For professionals looking to advance their career, earning a certificate or even an advanced degree could be the catalyst needed to move up the ranks. Although work and life constraints can make it hard to pursue academic endeavors, more and more working professionals are taking online classes allowing them to better coordinate their schedules around work responsibilities and their personal life.
“It’s an opportunity to change your career direction,” says Reggie Smith III, president of United States Distance Learning Association (USDLA), a nonprofit that promotes the development and application of distance learning for education and training. ”More degrees can make you more competitive. It’s also an opportunity to network with people in your field. As blacks, we don’t do that enough.”
Before you apply for admission, here are some key points to consider to get the most out of your experience.
Synchronous vs. Asynchronous Class Schedules
There are two schedules that many online courses follow. Synchronous classes happen in real time and follow a set schedule. Asynchronous classes give students more flexibility by allowing them to access posted course material and attend classes at any given time.
For professionals who prefer to have a more structured learning experience, synchronous online courses would be the preferred option. For professionals who are able to manage their work without having hard deadlines and need to have a more flexible academic schedule, asynchronous learning may better suit them.
While picking a class schedule, keep in mind that some programs require students to spend a certain percentage of time in a physical classroom.
Beware—not all online educational programs are properly accredited. Known as diploma mills, these entities have all of the trappings of an online educational institution but are really just scams. Some recurring characteristics of diploma mills are the absence of a physical location (many have P.O. box addresses), false advertising that degrees can be completed in a manner of months instead of years, and the requirement that students pay per each completed degree instead of for each course or semester.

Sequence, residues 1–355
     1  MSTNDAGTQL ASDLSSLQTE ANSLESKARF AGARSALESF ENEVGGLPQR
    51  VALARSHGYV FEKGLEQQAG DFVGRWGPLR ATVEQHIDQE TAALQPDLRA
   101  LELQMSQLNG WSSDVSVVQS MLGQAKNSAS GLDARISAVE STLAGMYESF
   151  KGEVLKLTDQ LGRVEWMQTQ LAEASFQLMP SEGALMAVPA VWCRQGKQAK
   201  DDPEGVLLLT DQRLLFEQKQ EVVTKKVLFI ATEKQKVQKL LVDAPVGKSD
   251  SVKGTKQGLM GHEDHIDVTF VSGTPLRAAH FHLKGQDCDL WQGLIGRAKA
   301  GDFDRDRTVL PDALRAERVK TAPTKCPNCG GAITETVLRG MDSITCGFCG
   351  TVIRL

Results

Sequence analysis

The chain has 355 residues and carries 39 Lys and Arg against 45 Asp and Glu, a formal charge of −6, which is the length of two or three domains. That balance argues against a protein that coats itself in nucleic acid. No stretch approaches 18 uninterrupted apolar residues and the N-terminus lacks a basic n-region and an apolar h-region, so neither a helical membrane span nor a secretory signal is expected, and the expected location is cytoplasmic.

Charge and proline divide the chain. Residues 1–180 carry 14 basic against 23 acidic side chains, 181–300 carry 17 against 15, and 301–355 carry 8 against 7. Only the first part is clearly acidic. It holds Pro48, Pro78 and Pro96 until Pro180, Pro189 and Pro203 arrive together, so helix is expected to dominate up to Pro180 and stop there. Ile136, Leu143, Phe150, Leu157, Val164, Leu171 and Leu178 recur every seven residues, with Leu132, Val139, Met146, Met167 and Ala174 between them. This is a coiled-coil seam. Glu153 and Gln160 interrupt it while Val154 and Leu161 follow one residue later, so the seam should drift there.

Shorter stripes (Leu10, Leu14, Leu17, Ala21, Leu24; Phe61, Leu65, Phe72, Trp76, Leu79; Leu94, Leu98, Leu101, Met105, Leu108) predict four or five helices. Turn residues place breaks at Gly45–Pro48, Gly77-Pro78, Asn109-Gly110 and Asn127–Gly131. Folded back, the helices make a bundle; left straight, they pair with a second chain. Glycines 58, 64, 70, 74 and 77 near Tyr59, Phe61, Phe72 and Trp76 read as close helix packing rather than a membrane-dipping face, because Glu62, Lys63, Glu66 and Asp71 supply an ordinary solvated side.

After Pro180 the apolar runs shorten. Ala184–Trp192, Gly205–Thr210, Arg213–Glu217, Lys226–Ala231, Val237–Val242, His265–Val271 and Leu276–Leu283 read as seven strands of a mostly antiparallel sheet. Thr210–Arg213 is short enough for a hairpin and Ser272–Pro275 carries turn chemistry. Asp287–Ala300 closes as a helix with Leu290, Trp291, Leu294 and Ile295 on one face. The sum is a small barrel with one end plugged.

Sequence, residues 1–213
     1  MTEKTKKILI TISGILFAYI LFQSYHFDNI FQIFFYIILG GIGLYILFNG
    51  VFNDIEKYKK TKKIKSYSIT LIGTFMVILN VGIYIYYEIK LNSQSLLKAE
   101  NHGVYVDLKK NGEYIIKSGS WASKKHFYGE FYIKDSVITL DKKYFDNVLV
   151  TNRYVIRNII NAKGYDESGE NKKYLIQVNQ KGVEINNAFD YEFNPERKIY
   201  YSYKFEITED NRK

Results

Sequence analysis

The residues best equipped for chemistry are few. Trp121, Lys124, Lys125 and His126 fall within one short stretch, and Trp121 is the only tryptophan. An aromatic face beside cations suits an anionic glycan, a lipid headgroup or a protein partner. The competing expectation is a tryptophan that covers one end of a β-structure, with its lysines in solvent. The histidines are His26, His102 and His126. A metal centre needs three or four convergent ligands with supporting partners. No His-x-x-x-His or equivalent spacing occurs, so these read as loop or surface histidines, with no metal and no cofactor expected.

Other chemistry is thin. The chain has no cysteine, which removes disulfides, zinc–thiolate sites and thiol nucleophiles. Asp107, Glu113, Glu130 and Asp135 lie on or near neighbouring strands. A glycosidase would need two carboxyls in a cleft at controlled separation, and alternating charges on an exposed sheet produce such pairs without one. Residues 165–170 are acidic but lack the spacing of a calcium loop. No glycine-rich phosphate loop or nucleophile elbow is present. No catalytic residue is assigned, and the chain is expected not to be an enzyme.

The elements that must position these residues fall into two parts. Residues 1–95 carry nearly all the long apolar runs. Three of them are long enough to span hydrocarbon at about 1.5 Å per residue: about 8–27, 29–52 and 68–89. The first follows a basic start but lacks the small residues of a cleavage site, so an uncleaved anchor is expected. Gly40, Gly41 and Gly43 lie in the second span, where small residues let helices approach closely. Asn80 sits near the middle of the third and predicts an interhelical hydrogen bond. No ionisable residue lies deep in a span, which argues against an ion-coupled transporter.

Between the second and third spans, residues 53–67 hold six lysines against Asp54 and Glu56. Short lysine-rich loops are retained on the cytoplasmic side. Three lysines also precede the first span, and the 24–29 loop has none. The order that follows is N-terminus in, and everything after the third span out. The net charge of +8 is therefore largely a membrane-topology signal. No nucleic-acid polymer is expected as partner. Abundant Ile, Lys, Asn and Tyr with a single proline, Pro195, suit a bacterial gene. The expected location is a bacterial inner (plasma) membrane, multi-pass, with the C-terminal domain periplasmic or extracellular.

A number of these false setups even have names similar to prestigious or well-known institutions. For example, Americus University, an unaccredited degree-granting school located in Washington D.C., has a strikingly similar name to the fully accredited American University, which is also located in Washington D.C. Degrees from unaccredited schools are not recognized by prospective employers or other colleges and universities. Check with regional accreditation agencies or confer with your state’s education department to confirm accreditation.
There’s a public misconception that online classes are cheaper than traditional universities. In some cases they can be just as costly. Calculate costs and all related expenses before choosing the right program for you.
If money is an issue, there are a number of online destinations that provide entire courses free of charge. One such entity is iTunes U. At iTunes U, any individual can access free coursework from prestigious universities such as Stanford University and the University of Oxford, among others. Similar to purchasing songs, individuals can download lectures (video or audio files) to their iTunes library or to their MP3 player.